Originally posted on June 12, 2014 by atimetoshare.me
My dad taught me how to tie my shoes.
He grieved with me when my box turtle fell off the ledge of our fourth floor apartment.
He came with me to the five and dime to return a trinket I had stolen and made me apologize for not paying for it.
He caught me taking one of his cigarettes – A camel without a filter.
He then taught me the proper way for a lady to hold a cigarette.
Something I didn’t need to know. I was probably fifteen.
My dad taught me the difference between right and wrong and let me know that I would always be accountable for my actions.
When I became a teenager, he was the one who told me the facts of life. It really made him squirm. It made me squirm too.
He always “interviewed” my dates. They had to pass his inspection, but their opinion of him didn’t matter. He would be at the door to greet us when we got home.
I tried my best to live up to his expectations, but I never felt I could.
His words of praise were few and far between,
But I relished each one and held it tightly in my heart.
He worked two jobs so I could attend a private Christian high school.
He wanted so much more for my sister and me –
More than he ever had.
He must have thought we needed extra attention.
He had a beautiful tenor voice and always sang loudly in church.
His Irish heritage boomed on St. Patrick’s day as he sang “Danny Boy”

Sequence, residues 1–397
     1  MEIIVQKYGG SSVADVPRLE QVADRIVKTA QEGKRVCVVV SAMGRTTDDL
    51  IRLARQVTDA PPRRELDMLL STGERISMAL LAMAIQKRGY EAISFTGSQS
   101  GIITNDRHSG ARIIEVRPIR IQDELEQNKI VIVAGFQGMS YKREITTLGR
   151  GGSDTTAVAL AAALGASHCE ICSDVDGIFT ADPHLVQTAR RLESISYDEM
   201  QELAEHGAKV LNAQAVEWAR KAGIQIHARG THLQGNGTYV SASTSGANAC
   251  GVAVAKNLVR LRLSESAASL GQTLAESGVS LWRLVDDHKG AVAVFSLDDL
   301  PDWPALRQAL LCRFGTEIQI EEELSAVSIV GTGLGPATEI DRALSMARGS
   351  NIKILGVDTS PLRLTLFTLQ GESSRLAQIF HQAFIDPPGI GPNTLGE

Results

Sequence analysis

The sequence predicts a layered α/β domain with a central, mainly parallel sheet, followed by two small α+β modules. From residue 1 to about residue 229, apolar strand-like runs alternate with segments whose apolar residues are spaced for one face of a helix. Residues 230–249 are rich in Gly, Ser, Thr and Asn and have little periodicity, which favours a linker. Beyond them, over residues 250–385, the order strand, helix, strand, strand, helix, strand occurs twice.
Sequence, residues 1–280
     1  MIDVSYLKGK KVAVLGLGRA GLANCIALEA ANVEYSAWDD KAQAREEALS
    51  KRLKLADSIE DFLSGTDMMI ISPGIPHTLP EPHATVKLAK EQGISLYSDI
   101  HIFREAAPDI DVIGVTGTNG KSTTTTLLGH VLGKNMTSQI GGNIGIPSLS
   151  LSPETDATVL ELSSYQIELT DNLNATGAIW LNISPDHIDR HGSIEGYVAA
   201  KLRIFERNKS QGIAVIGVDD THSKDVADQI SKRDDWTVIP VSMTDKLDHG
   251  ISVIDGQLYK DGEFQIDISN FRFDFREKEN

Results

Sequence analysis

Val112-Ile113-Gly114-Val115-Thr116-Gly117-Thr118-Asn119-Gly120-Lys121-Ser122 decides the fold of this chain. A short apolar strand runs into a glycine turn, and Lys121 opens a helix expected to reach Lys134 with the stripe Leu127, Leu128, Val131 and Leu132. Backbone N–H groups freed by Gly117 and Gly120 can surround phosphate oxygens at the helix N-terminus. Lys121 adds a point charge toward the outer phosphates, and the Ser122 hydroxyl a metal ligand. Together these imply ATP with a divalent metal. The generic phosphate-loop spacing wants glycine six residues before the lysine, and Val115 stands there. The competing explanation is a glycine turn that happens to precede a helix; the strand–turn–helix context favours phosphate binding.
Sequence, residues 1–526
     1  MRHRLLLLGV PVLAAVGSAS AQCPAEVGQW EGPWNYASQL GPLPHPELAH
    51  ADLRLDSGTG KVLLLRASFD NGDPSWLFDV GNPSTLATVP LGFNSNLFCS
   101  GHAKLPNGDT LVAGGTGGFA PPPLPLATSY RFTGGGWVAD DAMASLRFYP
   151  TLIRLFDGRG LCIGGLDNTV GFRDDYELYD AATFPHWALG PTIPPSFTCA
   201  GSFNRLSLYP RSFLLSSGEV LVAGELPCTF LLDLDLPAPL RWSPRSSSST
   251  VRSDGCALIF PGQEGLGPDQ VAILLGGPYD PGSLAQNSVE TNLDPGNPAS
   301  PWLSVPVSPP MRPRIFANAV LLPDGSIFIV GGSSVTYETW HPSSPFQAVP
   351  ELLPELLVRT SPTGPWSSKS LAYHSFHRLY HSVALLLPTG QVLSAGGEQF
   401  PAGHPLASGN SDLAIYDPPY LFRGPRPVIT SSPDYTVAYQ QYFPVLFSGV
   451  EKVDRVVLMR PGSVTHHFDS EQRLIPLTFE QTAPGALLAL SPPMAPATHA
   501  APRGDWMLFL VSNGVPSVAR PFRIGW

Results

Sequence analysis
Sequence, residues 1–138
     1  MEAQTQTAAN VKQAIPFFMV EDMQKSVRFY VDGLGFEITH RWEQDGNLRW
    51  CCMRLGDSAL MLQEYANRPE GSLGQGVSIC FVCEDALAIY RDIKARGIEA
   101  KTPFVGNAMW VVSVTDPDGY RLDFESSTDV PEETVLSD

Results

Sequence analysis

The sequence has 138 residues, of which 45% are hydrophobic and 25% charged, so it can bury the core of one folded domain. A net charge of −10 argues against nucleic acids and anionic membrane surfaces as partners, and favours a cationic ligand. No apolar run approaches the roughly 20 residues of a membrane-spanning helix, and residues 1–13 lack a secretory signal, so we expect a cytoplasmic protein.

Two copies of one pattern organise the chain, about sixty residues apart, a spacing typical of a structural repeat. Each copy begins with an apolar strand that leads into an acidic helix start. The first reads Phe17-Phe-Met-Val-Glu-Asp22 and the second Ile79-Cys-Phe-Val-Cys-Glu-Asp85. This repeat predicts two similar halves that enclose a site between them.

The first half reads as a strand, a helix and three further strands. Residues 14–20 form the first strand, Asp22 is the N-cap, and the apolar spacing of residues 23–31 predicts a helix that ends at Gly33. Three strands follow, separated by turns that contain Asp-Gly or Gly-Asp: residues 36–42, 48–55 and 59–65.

And raised another glass. He could drink more beer than the rest of them and it didn’t affect him in the least.
Time passed and I fell in love. My dad went a little crazy for a while. He put the newspaper in the refrigerator and the bread down the clothes chute.
He became an emotional wreck.
He held my arm tightly as we walked down the aisle to meet my husband,
I could see tears glistening in his usually stoic eyes. He was so proud.
He died at sixty one – a long time smoker – he suffered with lung cancer.
He clung tightly to life – maybe feeling he wasn’t quite ready for what lay ahead.
Maybe he hadn’t yet made peace with God for his past sins.
Finally knowing that he was forgiven allowed him to give in.
It gave him comfort.
I wasn’t at his side when he passed. We were driving to be with him.
As I looked at the brilliant blue sky, a cloud appeared and took on the form of a dove. It quickly floated high above and dispersed into heaven.
It gave me comfort.
I look forward to seeing him again so I can let him know what a great impact he had on my life.
I love you, daddy. Happy Father’s Day.